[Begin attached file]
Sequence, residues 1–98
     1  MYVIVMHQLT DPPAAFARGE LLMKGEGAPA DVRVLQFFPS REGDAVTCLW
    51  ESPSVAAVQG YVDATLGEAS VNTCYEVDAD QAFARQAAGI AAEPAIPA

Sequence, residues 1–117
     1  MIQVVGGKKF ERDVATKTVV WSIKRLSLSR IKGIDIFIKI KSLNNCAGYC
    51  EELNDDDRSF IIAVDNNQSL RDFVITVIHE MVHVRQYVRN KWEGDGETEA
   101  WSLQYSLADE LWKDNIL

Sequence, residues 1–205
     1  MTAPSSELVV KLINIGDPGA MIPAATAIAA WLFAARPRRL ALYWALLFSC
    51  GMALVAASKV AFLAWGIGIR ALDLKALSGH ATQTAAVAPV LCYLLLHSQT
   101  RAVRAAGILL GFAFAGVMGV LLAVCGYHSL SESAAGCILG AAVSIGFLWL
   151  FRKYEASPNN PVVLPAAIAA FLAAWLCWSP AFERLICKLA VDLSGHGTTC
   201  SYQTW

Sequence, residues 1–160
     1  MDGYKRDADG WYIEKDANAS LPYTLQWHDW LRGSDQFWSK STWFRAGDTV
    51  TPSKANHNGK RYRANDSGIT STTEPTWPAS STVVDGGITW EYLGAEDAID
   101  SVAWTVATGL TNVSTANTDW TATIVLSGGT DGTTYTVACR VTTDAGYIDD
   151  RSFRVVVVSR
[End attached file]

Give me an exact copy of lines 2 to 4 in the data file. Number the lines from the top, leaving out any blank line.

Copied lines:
     1  MYVIVMHQLT DPPAAFARGE LLMKGEGAPA DVRVLQFFPS REGDAVTCLW
    51  ESPSVAAVQG YVDATLGEAS VNTCYEVDAD QAFARQAAGI AAEPAIPA

Sequence, residues 1–117